It was Neitzsche who proclaimed God is dead. However, this wasn’t entirely a good idea according to Neitzsche. Until the age of Enlightenment, having faith in God established a system of justice and fairness through belief in a all benevolent, loving and grace-filled God. Faith in God is the cornerstone for moral and ethical conduct–pro-social interactions–and common core values such as, altruism, compassion (empathy), love, conscience and sense of justice (autonomy). According to Robert Wright (1994), “all these are the things that hold society together, the things that allow our species think so highly of itself, can now be said to have a firm genetic basis” (p. 12). Both Wright and Neitzsche, of course, are atheists. The infamous text, “God is dead” first originated in his treatise The Gay Science, which most people have never read and never will read. Today, the idea of moral relativism set forth by the social constructivists, has created a sense of selfish entitlement sowing seeds of moral and ethical confusion. More recently, “your truth is your truth and my truth is mine” has given way to a double bind, dualism where alternative perspectives, honest and open debate and search for truth and scientific inquiry has been replaced with group think and pressure to conform to the unreality of socially constructed lies. If you don’t go along with the charade, you are too fragile and a “racist” Deangelo (2020). Make no mistake, this movement is no “paradigm shift” or tipping point, it’s a malicious and cruel attempt to rewrite truth and facts, divide and separate God’s creations (Kuhn, 1996).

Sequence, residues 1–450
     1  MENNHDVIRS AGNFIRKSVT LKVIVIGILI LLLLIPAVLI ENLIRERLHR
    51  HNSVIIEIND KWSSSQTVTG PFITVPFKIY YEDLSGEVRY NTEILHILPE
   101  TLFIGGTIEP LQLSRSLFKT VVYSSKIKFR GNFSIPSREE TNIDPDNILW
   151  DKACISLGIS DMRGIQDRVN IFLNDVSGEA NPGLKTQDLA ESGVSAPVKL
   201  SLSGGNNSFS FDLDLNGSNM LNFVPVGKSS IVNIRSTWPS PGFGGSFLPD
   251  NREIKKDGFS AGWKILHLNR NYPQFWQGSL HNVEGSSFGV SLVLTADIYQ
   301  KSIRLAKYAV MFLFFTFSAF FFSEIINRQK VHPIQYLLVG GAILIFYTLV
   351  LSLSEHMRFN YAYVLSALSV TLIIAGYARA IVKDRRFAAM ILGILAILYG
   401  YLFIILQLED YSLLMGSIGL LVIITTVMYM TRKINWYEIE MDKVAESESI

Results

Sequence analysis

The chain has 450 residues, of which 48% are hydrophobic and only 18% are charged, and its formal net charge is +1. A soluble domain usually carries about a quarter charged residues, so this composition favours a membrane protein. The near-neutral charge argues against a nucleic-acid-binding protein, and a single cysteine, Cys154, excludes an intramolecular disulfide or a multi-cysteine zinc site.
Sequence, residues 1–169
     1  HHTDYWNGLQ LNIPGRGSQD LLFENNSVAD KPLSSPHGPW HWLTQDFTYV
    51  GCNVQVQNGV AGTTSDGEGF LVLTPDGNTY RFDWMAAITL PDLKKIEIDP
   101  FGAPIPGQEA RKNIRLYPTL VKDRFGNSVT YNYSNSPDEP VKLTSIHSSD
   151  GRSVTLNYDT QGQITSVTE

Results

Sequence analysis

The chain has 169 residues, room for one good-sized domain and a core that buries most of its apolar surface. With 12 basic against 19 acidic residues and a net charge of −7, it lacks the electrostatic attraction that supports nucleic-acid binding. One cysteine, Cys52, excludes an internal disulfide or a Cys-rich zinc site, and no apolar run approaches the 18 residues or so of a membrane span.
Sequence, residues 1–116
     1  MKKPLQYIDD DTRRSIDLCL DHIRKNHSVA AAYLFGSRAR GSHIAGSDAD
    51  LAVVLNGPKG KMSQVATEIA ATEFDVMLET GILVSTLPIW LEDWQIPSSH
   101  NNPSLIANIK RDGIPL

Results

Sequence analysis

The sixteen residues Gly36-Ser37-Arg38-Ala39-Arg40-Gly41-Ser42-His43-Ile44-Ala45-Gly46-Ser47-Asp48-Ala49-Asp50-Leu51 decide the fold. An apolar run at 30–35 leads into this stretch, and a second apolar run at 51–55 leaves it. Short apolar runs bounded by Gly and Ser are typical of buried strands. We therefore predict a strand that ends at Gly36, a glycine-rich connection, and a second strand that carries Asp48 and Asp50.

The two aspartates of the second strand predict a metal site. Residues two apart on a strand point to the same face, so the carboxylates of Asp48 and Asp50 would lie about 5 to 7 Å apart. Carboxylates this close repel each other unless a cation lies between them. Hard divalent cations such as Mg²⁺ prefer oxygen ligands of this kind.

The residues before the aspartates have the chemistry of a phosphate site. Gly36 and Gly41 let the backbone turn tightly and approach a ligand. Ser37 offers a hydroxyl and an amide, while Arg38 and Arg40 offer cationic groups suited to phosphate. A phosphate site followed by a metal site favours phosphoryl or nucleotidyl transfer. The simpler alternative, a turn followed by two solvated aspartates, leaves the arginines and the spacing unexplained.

I have just finished reading two books with opposing views, White Fragility (2018) by Robbin Deangelo and Blackout (2020) by Candice Owens. Science requires we test so-called truths, ask questions and challenge assumptions. True scientists seek to understand alternative perspectives and epistemology. That’s what we do. It is unfortunate, but most scientists merely repeat old and spent ideas. In a word, they are biased. Some believe that undoing tradition leads to a new system (kingdom) of truly free agents–free from the bondages of natural core values, indeed, free from foundational American traditions and values. However, Nietzsche believed that “the removal of this system put most people at the risk of despair or meaninglessness. What could the point of life be without a God?”